By Alex Rogers
November 13, 2014

Democrat Mary Landrieu’s attempt to force President Barack Obama to authorize construction of the Keystone XL pipeline is the latest in a political thrust-and-parry exchange between the three-term Senator and GOP Representative Bill Cassidy, her opponent in next month’s Senate runoff election in Louisiana. But Landrieu’s gambit may be too little too late, election watchers say.

The frantic maneuvering started Wednesday morning when Senate majority leader Mitch McConnell promised Cassidy a spot on the Senate Energy and Natural Resources Committee if Cassidy beats Landrieu in the December runoff. Landrieu chairs the committee and has touted her tenure there as a symbol of her influence on Capitol Hill.

In response, Landrieu took to the floor of the Senate and gave a nearly three-hour speech calling for the body to take a vote on her bill, which would require Obama to clear the final bureaucratic and regulatory obstacles preventing construction of the pipeline.

The next move came from across the Capitol building, when House Speaker John Boehner and majority leader Kevin McCarthy fast-tracked Cassidy’s three-page bill to authorize the pipeline straight to the floor of the House, bypassing the committees that normally would have weighed the proposal. Cassidy’s bill (which matches the Senate language) will get a House vote on Friday.

When the Senate votes as early as Tuesday on Landrieu’s bill, it will be the first time in six years that both chambers of Congress will vote on the pipeline, according to the Washington Post.

“It’s been a dizzying 24 hours for a supposed lame-duck legislature as it relates to Louisiana,” says Joshua Stockley, an associate professor of political science at the University of Louisiana at Monroe.

Landrieu’s gambit may help her re-election chances, but it comes at a cost. Forcing a Keystone vote in Congress will give McConnell and Boehner an unexpected win on the list of issues they want to tackle when the GOP takes control of both chambers of Congress early next year. White House press secretary Josh Earnest signaled Wednesday that the President would oppose the legislation, as he has in the past.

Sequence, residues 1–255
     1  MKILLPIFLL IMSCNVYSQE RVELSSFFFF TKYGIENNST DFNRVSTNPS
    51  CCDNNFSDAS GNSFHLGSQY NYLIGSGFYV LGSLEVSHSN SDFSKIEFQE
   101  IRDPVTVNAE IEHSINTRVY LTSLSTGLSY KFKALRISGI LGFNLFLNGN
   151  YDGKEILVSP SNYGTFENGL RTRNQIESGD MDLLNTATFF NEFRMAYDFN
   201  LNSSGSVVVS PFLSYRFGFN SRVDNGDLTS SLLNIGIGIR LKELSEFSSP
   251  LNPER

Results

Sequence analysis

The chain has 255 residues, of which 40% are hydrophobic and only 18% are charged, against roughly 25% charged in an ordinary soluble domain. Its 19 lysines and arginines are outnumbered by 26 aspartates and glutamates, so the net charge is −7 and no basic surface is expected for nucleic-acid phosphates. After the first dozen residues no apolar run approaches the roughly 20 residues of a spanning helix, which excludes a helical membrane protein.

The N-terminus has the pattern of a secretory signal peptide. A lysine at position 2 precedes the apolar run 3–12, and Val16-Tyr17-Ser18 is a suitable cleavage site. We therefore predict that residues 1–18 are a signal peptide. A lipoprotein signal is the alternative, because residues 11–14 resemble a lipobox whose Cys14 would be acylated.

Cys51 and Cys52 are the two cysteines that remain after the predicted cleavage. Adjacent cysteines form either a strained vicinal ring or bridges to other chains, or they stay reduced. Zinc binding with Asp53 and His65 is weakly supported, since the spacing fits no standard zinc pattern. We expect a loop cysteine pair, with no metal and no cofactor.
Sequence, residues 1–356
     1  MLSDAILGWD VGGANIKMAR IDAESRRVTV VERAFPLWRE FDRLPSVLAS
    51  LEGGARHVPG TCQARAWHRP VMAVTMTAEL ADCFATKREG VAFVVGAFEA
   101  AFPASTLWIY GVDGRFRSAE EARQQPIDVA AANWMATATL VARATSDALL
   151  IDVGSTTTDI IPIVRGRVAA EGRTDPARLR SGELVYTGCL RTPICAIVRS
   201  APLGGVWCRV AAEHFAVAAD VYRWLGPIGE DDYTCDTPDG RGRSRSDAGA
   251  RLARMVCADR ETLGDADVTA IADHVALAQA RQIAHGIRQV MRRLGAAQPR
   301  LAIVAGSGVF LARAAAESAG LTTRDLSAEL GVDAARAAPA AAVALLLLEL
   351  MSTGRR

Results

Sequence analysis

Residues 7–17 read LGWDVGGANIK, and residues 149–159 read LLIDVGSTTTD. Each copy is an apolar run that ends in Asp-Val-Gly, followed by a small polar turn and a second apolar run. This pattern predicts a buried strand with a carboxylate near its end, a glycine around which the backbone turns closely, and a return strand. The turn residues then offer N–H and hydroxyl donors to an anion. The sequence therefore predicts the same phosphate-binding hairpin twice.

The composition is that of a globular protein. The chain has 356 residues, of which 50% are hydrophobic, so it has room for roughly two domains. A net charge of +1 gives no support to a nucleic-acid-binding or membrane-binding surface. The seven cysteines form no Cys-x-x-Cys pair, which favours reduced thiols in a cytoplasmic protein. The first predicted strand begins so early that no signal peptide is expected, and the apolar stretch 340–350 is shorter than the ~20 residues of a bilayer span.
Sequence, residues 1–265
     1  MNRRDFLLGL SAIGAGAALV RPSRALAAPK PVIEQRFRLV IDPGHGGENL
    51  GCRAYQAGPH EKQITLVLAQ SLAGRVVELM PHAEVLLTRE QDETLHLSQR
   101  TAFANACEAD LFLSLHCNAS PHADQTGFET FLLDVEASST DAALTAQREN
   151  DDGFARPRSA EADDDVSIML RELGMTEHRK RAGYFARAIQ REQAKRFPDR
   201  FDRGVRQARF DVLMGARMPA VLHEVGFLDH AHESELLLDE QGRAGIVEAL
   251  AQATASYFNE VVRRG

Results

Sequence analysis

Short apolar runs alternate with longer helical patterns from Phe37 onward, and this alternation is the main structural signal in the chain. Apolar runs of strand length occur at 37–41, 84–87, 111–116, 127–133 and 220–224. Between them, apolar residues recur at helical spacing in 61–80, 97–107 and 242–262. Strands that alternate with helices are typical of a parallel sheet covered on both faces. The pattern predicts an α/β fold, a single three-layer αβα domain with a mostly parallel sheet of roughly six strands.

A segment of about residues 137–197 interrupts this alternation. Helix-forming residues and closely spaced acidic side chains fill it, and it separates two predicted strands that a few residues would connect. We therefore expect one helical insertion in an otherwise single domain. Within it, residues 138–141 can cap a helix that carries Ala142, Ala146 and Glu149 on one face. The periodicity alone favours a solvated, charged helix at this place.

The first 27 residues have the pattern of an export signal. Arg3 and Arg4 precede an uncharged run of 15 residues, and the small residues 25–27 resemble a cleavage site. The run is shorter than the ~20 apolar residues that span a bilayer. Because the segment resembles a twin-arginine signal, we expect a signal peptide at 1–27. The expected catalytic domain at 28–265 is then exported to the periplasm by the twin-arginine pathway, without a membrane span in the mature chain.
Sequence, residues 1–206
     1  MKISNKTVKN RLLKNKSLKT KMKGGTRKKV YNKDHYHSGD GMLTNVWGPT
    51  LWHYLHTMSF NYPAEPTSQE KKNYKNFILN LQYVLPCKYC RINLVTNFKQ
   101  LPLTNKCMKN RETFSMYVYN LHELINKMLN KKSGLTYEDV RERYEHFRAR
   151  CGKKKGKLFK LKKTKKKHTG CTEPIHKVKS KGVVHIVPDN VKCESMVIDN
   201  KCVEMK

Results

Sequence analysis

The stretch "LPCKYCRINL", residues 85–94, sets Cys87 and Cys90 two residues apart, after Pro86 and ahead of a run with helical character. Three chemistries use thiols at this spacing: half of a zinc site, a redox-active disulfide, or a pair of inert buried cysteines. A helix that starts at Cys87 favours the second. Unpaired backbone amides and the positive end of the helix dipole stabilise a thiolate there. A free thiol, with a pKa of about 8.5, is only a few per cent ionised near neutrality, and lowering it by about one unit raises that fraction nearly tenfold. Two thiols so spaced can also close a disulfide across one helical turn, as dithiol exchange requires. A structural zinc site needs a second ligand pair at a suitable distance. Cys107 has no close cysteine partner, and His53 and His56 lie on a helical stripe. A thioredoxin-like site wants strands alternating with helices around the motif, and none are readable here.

“We have indicated that the President’s senior advisors at the White House would recommend that he veto legislation like that,” said Earnest. “And that does continue to be our position.”

And it’s not even clear how much Landrieu’s push will help her chances. “Landrieu’s task is continuing to separate and distance herself from the President,” says Stockley. “Does Keystone help make that argument? Yes, but I would argue that’s been somewhat neutralized. Cassidy is going to be able to come back and say, ‘My language, my bill, I voted on it too.'”

“She’s going to have to do something more significant than the Keystone pipeline to beat Representative Cassidy,” he adds.

In last week’s race, Landrieu nabbed the top spot with 42% of the vote, compared with 41% for Cassidy and 14% for Tea Party candidate Rob Maness. She is facing an avalanche of ads and outside spending she can’t match (she lost the financial support of the group designed to get her elected, the Democratic Senatorial Campaign Committee) and an opponent bolstered by Maness’s conservatives. As TIME’s Denver Nicks notes, Landrieu’s team believes she’s got a shot if she wins 30% of white voters, up from just 18% she received in the general elections last week. Of course, Landrieu has won runoffs before, in 1996 and 2002, and has expressed hope for pulling out another victory.

“Are you a lost cause?” NBC’s Kasie Hunt asked Landrieu on Wednesday. “I don’t believe I am,” she replied.

Contact us at editors@time.com.

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